The camp where Beatrice Lepine spent much of her first 17 years nearly went up in flames this summer.
She followed the weather reports and accounts brought back by firefighting crews for months, waiting for news of the area on Great Slave Lake where she grew up, and then she wrote a story about it called Fire and Fish.
“Every day I’d see the fire moving,” she said. “The title came from that connection of past and present to this land.”
Fire and Fish won first prize in the 2014 Great Northern Canada Writing Contest put on by Northwords. It’s second time she has submitted a piece of writing, but the first time she has won.
Lepine said she has been writing journals for years, but never for public consumption.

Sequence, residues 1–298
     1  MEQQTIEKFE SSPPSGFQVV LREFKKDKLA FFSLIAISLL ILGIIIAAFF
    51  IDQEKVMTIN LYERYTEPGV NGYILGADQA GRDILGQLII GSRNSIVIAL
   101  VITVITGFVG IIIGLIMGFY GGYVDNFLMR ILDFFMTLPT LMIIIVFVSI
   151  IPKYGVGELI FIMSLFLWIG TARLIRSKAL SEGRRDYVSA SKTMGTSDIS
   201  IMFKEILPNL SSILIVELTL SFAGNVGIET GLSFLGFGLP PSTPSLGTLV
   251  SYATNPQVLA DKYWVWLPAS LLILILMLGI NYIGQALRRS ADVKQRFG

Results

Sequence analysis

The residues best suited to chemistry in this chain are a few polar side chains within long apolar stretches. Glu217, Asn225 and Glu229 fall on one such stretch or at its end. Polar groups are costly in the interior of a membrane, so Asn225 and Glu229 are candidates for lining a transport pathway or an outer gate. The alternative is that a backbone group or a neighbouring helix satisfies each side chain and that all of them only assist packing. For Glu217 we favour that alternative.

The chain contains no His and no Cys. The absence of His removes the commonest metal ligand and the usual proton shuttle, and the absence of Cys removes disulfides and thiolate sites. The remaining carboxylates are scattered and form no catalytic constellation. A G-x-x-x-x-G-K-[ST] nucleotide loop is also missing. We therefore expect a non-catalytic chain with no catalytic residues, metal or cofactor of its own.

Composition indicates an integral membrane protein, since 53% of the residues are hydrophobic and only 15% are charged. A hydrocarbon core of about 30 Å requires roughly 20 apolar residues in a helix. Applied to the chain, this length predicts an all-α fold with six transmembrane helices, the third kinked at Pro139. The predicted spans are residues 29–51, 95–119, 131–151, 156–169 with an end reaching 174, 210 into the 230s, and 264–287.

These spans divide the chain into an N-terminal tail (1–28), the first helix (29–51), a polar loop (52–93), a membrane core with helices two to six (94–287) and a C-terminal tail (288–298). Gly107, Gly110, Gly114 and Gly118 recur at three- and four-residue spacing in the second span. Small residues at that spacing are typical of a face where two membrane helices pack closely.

“I talk to so many people, and so many of them have stories practically bursting out of them,” she said. “But they’re worried that they can’t write well enough. I tell them it comes with practice. We have to give voice to what’s rattling around in our heads.”
More than the honour of winning, she said she has been honoured to tell her own story and encourages others to do so as well.
“It’s time for us to write our own stories,” she said. “For years, others have been writing about us, and we need to take over.”
Ruth Bowen, the new executive director of Northwords, said that is the fundamental purpose of the organization, and that while she plans to continue in the footsteps of previous directors, she would like to renew efforts to get communities outside Yellowknife involved in more writing programs.
“I’m really keen to expand outside Yellowknife and hear stories from all over the territory,” she said. “There has always been an issue getting people in the communities involved.”
Last year’s Northwords festival sent one headliner to Fort Smith in an effort to increase engagement there.